Mansfield News

April 28, 2014

City finds oil dumped in creek

Taxpayers get stuck with $4,000 bill for clean-up.

Thanks to an oily litterbug, Mansfield taxpayers got an extra bill April 15.

Early that morning, the city’s water utilities department discovered an estimated 15 to 20 gallons of motor oil had been dumped in Pond Branch on the east side of Sycamore Street, behind Blessing Funeral Home and bordering the extra parking lot at Steven’s Garden & Grill.

“We don’t know exactly when the oil was dumped, but it had apparently been there for a little while,” said Howard Redfearn, the city’s environmental manager. “I got the call about 8:30 a.m. on the way into work and the sewer department had already started putting down sand to prevent it from going downstream.”

Redfearn contacted the Cleaning Guys, a Fort Worth-based Hazmat emergency company, which arrived to start cleaning up the site by 9 a.m., he said.

Redfearn doesn’t think the spill was accidental, he said.

“It looks like someone stood on the bridge and poured oil into the creek,” he said. “The sewer line had splatter marks on top of it.”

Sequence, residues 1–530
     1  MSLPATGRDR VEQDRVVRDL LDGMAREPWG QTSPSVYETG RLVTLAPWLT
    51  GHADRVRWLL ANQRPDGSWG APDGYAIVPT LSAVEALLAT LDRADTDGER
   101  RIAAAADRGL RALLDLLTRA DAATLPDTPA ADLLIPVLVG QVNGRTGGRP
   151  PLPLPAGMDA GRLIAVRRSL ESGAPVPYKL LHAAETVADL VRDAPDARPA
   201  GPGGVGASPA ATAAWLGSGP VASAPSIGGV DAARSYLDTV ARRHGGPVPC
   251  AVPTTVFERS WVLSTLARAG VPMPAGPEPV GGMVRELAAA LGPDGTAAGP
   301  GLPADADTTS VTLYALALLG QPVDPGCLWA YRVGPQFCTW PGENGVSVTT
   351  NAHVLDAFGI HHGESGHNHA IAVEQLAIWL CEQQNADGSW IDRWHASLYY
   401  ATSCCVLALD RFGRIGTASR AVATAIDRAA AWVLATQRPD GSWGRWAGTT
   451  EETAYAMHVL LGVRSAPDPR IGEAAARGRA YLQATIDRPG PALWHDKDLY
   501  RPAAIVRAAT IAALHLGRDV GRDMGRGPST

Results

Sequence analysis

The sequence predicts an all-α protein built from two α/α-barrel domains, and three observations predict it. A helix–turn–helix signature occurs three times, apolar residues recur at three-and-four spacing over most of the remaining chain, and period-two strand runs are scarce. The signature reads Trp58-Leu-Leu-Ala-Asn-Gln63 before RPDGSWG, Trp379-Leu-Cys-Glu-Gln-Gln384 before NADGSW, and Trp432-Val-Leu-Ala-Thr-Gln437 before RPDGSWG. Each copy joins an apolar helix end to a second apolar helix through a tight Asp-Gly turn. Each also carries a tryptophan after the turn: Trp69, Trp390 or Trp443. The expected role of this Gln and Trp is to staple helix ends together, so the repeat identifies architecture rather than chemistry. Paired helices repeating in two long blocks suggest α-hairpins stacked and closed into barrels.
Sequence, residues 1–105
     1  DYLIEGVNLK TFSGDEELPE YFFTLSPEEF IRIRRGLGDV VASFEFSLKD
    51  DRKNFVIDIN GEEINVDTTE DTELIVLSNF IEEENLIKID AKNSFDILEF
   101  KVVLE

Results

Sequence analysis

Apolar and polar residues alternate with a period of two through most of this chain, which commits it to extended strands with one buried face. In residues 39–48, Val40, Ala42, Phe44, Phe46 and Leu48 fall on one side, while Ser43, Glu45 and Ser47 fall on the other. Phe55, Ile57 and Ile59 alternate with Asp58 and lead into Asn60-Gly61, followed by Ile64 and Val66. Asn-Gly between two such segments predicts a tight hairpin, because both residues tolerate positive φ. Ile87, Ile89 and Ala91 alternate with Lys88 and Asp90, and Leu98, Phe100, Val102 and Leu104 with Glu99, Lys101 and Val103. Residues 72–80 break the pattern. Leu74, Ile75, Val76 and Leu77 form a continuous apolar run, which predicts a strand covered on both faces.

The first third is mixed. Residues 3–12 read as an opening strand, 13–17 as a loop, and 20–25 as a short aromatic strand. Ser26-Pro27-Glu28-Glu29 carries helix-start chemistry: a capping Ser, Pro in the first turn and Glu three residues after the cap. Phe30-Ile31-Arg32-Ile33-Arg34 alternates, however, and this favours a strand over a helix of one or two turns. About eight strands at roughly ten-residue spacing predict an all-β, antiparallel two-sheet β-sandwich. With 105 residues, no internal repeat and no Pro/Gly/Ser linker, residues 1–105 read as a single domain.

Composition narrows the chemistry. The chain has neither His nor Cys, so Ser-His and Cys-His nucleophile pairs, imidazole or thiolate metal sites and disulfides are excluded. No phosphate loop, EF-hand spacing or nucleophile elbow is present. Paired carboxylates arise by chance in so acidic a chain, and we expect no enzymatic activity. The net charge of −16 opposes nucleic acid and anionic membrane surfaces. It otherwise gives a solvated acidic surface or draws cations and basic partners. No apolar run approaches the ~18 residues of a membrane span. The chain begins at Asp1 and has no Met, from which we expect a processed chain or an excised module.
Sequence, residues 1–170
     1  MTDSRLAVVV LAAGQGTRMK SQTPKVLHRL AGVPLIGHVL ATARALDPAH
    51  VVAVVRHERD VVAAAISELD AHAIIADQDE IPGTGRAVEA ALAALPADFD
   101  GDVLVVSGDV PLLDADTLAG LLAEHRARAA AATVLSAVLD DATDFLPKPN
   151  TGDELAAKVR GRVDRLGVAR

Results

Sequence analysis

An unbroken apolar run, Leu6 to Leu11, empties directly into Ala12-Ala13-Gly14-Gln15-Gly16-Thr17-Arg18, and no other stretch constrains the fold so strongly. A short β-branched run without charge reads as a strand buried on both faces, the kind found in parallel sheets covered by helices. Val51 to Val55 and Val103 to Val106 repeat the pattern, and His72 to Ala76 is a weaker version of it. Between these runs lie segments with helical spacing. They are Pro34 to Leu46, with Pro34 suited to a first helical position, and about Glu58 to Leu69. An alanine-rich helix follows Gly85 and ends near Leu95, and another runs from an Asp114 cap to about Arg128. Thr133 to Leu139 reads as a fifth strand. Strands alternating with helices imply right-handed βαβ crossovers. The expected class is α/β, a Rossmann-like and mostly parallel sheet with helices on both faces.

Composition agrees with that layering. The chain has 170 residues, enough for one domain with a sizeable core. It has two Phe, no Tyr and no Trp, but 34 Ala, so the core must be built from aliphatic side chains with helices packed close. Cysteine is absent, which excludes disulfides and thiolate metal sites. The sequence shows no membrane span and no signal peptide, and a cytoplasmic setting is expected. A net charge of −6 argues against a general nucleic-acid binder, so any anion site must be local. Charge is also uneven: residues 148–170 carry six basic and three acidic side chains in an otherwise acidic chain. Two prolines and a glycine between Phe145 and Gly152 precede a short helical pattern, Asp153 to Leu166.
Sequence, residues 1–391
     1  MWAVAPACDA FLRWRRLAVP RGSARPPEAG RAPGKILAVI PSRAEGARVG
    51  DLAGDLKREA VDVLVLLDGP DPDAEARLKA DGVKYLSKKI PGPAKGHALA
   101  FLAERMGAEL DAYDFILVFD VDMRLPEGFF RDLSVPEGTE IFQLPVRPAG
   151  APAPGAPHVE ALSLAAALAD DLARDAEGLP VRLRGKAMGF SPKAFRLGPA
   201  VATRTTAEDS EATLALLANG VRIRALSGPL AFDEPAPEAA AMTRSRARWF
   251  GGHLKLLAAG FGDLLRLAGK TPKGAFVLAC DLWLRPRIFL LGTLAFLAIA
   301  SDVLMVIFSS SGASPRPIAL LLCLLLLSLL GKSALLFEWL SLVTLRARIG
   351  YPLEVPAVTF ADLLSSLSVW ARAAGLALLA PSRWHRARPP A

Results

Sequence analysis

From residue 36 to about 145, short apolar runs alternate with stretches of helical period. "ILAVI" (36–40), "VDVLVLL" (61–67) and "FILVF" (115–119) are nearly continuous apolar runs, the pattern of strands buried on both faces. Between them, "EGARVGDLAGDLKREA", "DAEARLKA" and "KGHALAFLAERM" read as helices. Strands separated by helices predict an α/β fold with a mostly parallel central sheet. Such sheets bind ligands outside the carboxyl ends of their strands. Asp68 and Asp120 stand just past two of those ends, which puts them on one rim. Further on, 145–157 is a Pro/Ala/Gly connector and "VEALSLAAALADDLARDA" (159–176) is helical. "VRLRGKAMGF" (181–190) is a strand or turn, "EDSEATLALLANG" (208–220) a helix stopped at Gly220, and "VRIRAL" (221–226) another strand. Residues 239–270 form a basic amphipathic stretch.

The cost to clean up the site, which stretched 12 feet wide and 180 feet long on Pond Branch, was $4,193, said Redfearn, who said he thought the tab could have gone as high as $15,000 and the damage could have been much greater.

Pond Branch leads to the pond at Katherine Rose Memorial Park, which feeds into Walnut Creek and eventually into Joe Pool Lake.

“Eventually, that would have led to water that people use and increased the cost for water treatment,” he said.

And it could have destroyed plants and animals in and along the creek.

“Anything that lives in the creek below the water surface has the potential of being suffocated,” Redfearn said. “Oil prevents oxygen from getting in the water. Amphibious animals like turtles, frogs and salamanders, it could get on their skin and poison them. The oil would have blocked the sunlight from aquatic plants and they would have died.”

The city doesn’t have any idea who dumped the oil, but if they are caught, they could end up with a big bill. In addition to the cost of the clean-up, the culprit would face a fine of up to $2,000 for violating a city ordinance, Redfearn said.

What really bothers Redfearn is that the city offers multiple free opportunities to dispose of motor oil during Household Hazardous Waste collections (the next is set for 9-11 a.m. May 17 at City Hall, 1200 E. Broad St.) and the opportunity to unload oil year-round at 6400 Bridge St. in Fort Worth. Many auto supply stores also offer free collection of used motor oil, he said.

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